Now the original recipe called for clams and crabmeat and oysters and mussels, along with shrimp, but I figured I could add whatever seafood I liked. So I went to my favorite grocery store (Ingles, of course) and they had NC wild caught shrimp, $9.98 a pound and they had wild caught US cod, so I bought a filet of that. Heck, they even sell local grown tomatoes and bulk brown basmati rice, so I was set.

Bonus: there’s enough for tomorrow too, which means I don’t have to brave the streets tomorrow for any more than my 6 mile run, because there’s a football game in town. With the tigers winning, well, it’s gonna be a bit nutty out there. Still, football game or not, I’m glad to be back home. Sure, I came back to freezing weather and leaves that need to be raked and work that needed to be done. But if nothing else, I get good fresh shrimp around here and that’s as good a reason to live down here as any!

The Ladies of EIU

Me and Stacia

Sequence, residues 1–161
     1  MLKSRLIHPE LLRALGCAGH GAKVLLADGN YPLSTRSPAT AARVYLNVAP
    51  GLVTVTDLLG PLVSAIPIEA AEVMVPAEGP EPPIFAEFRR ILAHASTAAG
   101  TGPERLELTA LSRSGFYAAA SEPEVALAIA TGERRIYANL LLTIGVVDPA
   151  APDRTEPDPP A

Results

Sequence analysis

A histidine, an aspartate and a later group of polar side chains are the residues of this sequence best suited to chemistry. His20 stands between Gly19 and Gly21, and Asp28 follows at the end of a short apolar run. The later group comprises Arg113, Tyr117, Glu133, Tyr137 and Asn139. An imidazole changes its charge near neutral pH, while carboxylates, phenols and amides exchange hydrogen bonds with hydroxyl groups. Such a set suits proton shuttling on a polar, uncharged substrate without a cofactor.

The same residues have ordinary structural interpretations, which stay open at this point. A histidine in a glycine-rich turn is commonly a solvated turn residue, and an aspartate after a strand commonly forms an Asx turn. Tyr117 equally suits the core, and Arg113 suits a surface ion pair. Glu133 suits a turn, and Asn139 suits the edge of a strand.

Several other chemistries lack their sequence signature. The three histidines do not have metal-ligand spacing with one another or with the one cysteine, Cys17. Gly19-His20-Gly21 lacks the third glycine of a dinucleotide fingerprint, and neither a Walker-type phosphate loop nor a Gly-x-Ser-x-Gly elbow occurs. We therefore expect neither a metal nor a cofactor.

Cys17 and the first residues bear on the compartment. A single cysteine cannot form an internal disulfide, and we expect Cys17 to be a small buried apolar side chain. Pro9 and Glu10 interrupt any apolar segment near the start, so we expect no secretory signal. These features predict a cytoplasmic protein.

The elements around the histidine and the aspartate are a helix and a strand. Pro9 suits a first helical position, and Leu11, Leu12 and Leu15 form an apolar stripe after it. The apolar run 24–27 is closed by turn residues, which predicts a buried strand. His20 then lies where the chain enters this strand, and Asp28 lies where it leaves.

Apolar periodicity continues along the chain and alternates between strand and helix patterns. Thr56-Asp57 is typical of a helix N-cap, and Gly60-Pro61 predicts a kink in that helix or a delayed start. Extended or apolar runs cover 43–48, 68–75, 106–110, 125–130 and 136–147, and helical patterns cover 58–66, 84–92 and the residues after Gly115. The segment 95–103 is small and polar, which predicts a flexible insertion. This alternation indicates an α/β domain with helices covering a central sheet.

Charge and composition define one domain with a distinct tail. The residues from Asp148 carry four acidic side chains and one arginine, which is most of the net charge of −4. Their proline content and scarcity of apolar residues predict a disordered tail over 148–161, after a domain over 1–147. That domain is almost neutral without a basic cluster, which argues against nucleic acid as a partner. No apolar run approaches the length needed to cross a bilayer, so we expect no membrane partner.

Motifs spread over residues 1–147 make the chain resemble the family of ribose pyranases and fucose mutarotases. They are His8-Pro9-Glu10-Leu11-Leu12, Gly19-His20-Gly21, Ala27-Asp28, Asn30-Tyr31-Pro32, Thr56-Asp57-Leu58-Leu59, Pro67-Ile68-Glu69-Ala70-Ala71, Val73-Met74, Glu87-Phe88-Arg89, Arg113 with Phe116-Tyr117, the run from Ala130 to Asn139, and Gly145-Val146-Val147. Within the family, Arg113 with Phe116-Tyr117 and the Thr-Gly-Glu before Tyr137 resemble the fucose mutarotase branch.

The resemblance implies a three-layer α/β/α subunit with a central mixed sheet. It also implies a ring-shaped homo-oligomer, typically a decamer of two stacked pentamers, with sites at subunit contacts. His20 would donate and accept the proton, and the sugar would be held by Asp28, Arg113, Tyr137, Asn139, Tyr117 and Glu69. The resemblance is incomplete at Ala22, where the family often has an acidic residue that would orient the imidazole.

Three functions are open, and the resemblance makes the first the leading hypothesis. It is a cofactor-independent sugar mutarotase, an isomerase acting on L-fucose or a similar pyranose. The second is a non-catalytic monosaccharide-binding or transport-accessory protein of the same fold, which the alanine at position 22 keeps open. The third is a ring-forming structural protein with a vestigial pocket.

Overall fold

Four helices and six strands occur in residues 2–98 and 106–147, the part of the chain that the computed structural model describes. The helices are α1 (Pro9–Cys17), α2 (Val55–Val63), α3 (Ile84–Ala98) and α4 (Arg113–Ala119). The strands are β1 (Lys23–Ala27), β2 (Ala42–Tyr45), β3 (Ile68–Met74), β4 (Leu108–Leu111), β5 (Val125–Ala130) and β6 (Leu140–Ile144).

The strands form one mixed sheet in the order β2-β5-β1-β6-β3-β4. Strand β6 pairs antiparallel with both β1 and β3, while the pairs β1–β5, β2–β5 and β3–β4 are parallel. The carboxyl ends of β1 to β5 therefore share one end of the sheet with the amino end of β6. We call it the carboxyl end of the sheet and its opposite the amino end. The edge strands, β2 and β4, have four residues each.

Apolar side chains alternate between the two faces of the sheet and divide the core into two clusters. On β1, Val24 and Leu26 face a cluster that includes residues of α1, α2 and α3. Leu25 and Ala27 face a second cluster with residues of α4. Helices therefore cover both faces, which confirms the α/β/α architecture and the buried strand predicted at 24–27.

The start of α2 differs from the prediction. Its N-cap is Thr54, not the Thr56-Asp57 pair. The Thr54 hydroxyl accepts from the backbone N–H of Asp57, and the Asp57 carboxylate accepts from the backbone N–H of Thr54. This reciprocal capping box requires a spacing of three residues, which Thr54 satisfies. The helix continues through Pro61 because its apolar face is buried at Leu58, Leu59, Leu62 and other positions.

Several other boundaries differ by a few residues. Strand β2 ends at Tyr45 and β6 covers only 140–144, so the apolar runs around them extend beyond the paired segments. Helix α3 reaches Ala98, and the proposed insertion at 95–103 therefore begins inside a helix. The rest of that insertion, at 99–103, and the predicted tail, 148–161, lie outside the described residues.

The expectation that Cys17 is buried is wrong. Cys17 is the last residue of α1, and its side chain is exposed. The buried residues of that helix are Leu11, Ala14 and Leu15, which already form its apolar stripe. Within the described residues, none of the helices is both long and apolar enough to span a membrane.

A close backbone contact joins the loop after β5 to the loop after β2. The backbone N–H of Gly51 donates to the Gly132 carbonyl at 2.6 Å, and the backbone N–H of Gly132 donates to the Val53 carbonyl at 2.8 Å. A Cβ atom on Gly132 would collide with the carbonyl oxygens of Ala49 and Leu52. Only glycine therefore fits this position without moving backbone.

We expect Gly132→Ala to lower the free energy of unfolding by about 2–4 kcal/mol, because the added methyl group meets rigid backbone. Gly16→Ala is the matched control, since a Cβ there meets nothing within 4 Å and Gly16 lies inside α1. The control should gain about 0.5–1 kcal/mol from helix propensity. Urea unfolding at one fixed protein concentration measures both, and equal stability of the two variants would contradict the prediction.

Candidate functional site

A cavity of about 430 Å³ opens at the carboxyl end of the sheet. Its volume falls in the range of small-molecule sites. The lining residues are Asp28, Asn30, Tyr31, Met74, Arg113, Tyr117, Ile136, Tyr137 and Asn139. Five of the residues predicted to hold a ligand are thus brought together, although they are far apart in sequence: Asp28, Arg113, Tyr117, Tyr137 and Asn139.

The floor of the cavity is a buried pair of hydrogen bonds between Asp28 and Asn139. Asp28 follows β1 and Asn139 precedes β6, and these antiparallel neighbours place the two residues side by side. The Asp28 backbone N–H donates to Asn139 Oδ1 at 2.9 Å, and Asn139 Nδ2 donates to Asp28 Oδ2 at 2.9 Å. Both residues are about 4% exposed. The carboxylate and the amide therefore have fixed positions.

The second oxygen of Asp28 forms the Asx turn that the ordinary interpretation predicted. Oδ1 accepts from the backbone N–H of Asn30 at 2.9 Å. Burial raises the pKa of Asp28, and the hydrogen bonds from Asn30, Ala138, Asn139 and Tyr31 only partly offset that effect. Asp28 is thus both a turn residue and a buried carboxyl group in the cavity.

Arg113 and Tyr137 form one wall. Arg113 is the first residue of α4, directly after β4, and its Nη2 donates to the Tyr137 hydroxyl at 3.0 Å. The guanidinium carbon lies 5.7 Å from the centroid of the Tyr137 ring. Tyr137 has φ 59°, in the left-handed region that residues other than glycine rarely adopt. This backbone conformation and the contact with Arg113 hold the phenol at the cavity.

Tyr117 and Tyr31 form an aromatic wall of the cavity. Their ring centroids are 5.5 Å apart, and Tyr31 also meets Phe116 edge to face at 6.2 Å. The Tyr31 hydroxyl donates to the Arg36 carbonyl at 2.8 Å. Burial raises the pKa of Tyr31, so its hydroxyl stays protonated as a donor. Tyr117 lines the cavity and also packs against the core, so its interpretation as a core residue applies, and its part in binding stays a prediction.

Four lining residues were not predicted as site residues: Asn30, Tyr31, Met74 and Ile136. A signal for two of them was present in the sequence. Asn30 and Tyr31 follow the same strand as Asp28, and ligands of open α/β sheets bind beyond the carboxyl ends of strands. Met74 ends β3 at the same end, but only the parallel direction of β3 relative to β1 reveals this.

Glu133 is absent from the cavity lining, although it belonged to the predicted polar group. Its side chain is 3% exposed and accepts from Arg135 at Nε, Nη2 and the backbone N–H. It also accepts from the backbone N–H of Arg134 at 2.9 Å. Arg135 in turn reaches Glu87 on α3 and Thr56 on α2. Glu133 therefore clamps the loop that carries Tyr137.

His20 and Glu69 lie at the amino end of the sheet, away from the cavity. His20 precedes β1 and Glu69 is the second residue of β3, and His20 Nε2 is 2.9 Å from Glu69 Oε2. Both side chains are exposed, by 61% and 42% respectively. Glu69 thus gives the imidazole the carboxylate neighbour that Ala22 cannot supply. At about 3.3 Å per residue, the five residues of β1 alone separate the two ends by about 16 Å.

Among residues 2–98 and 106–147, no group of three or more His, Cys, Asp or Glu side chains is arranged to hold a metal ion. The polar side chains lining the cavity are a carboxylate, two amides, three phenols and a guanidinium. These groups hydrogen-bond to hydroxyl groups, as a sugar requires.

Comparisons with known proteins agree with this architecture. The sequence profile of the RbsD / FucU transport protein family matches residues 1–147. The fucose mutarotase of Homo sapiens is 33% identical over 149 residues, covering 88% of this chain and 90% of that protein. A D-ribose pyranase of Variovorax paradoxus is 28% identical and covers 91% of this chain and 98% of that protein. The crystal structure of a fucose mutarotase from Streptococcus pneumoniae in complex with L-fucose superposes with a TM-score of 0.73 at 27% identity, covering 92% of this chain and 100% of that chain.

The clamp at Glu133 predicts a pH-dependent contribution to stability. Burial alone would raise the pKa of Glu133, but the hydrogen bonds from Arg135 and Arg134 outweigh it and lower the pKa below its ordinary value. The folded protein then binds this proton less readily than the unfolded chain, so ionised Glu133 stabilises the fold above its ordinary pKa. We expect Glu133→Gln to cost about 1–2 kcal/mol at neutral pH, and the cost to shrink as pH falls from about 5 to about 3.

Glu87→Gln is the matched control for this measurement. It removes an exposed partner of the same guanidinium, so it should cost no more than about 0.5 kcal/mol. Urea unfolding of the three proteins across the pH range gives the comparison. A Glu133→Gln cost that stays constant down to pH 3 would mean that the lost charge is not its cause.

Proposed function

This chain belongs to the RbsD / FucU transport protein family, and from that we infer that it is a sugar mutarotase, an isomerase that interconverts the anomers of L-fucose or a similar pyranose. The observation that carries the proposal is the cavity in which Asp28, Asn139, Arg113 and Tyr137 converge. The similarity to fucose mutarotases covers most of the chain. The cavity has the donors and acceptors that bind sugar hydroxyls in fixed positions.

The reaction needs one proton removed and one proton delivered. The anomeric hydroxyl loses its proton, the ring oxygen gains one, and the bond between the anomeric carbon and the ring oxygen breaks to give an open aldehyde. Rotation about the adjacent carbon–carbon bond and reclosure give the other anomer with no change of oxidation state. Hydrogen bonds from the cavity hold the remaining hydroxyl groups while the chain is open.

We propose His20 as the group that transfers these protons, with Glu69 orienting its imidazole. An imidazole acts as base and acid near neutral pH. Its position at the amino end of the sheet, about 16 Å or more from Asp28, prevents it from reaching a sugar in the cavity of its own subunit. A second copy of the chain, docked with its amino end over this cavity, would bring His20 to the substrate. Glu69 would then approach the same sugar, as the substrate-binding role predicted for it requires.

This week, I’m getting ready to head to my last board meeting for UCDA, the University and College Designers Association. This has been an important organization for me. It’s taught me a lot: design inspiration and practice, networking, leadership skills, organization skills, and all the while, I met lots of incredible people and saw some amazing cities. I feel lucky to have had the opportunity, not just because I got elected by my peers, but because Clemson gave me the time to be a part of this organization. (I’ll still be involved, just not on the board for now. Time for someone else to have some fun shaping the organization.)

One of the amazing people I met through UCDA is Stacia Lynch, and through her, the Eastern Illinois University communications staff. What a fun group of ladies this is. They’ve been sweet to adopt me as a sister staff member and we have fun looking at each other’s posts and pictures. I feel I know them as well as some of the people I actually work with at Clemson.

Thanks for all the donations!

Stacia is one of the reasons I started running. Well, along with a fellow Jazzerbuddy who ran a half and got a medal for it. Stacia participated in Team in Training to run a marathon and raised a lot of money for leukemia. This inspired me to put on the running shoes and I’m not the only one; from what I can tell, she’s got most of the office running as well. When I started to raise money for Alzheimer’s during the Bridge Run, the EIU ladies donated to my cause. In fact, they donated a lot more than my own colleagues.